Once there was a young wombat named Benson who lived in a nice tidy wombat hole with his mother and his two aunts, Lillibet and Moss.
Aunt Lillibet decided she wanted to paint her cupboard. She measured it carefully so she would know exactly how much paint she would need. “Exactly one tin of paint,” she said.
She went to the paint shop and bought a tin of yellow paint. She took it home, and got her paintbrush and then she was ready to paint. She went to her room to put on her painting clothes.
While she was gone, Aunt Moss came along. “Oh, what a pretty colour!” she said. “I’m sure Lillibet won’t mind if I use just a tiny bit to paint my little table.” She took the tin of paint and the brush into her room and painted her little table. She was back in no time. “It looks lovely,” she said.
Aunt Lillibet came out and started painting her cupboard. She painted the top and the sides and the back and the doors. She was nearly finished the last door when she ran out of paint.
“I’ve run out of paint,” she said. “How annoying! After I measured so carefully!”
Benson said, “You could paint the last bit of the door another colour, like orange.”
“No, it wouldn’t look right,” Aunt Lillibet said. “I’ll just have to buy another tin of paint.”
She went to the paint shop and bought another tin of paint. The assistant in the shop noticed her painting clothes with all the yellow dabs and smears, but he didn’t say anything.
When she got home, she opened the second tin of paint and stirred it carefully and painted the last bit of the cupboard. “There!” she said. “Perfect! But what am I going to do with the rest of the paint? I know, I’ll give the cupboard a second coat. Two coats of paint always look better.”
She painted the cupboard all over again, the top, the back, the sides and the doors. She was nearly finished when she ran out of paint. “Oh! How exasperating!” she said. “I’ve run out of paint.”
Benson said, “It’s only a little bit of the door. No-one will notice.”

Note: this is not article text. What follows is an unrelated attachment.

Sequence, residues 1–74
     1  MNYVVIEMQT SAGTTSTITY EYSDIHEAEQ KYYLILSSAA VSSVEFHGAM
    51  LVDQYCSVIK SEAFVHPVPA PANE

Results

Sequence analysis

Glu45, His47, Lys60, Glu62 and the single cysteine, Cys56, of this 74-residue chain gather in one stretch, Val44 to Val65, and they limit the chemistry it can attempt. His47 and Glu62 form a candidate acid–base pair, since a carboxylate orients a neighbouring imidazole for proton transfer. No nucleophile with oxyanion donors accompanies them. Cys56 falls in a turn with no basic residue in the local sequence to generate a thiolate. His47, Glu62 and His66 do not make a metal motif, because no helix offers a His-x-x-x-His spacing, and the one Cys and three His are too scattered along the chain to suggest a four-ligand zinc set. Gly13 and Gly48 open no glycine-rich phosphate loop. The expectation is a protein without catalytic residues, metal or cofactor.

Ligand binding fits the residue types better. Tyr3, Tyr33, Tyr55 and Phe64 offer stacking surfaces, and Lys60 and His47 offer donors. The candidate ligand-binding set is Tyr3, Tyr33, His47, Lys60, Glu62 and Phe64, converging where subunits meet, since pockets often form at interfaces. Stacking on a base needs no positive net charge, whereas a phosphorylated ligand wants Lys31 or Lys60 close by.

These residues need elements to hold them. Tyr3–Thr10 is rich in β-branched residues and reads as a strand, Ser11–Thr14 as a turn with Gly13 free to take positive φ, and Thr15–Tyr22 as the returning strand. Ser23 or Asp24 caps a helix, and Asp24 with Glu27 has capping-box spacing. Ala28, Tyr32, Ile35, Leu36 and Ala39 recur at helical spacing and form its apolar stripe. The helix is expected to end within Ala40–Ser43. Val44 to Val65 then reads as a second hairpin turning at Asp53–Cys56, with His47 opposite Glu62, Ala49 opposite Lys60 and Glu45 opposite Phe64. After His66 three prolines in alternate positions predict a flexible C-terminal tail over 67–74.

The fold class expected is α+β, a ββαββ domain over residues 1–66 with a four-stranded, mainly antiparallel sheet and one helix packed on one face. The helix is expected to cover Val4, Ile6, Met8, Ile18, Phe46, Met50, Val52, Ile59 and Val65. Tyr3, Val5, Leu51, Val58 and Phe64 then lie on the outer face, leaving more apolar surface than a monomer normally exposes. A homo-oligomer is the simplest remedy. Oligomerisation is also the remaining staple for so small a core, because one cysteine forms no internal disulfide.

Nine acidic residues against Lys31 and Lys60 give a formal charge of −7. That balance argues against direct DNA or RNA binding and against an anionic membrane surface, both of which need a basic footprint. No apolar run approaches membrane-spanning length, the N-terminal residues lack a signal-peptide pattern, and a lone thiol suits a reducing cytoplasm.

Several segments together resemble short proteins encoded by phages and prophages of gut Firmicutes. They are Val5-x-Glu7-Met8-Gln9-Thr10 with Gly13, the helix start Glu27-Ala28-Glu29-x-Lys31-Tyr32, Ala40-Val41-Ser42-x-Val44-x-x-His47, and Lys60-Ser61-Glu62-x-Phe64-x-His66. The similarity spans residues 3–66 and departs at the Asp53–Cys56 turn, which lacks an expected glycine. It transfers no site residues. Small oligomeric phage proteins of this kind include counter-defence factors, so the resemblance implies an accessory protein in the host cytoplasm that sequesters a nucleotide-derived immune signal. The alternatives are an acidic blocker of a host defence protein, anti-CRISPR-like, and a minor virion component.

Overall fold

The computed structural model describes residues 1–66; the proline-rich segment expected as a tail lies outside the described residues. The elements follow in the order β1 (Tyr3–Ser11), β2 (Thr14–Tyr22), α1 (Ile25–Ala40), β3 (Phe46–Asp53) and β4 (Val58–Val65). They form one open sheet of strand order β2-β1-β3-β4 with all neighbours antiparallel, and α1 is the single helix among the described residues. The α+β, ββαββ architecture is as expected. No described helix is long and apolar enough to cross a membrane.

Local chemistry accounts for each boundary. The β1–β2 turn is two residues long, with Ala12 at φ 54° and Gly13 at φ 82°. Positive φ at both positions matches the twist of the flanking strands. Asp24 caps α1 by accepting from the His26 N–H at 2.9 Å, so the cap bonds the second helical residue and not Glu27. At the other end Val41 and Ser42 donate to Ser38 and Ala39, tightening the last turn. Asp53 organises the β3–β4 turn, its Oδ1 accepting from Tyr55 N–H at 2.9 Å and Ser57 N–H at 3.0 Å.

Aunt Lillibet said, “I will notice. I’ll have to get another tin of paint.”
She went back to the shop and bought another tin of paint. The nice young shop assistant noticed a lot more yellow splashes on her painting clothes but he didn’t say anything.
She painted the last little bit of the cupboard. “Very nice,” she said. “But what am I going to do with the rest of the paint?”
“You could paint the inside of the cupboard,” Benson suggested.
“That’s a very good idea, Benson,” she said. She painted the inside of the cupboard, the top and the bottom and the sides and the back and the inside of the doors. Just before she finished, she ran out of paint.
“Oh, I’ve run out of paint!” she said. “How irritating!”
Benson said, “It’s on the inside. No-one will notice.”
“I will notice,” said Aunt Lillibet. She went back to the shop and bought another tin of paint. The shop assistant noticed the yellow paint in her hair and on the back of her neck but he didn’t say anything.
She finished painting the inside of the cupboard. “That’s better,” she said. “But what am I going to do with the rest of the paint?”
Benson said, “You could fill in the spaces on your painting clothes, then they’d be yellow all over.”
“Don’t be silly,” Aunt Lillibet said. She set to work and painted the kitchen cupboards yellow. There was still some paint left so she painted the fruit bowl and the fridge and the toaster. There was still a little bit of paint left, so she painted her favourite hat and her gumboots, and then she painted a sign that said, ‘WET PAINT’.
“Perfect!” she said. “There’s not a drop of paint left.”
She went outside to clean her brush. Benson’s mother came home from her bush care group, and said, “Why is everything yellow?”
Aunt Moss said, “I think it’s very pretty. I wonder if it’s still wet.”
Aunt Lillibet finished cleaning her brush and came inside.
Aunt Moss said, “Lillibet, do you have a little bit of that paint left over? I think I’ve accidentally left a tiny mark on your cupboard.”
Aunt Lillibet looked at the cupboard. Right in the middle of the door, there was a big wombat hand-print.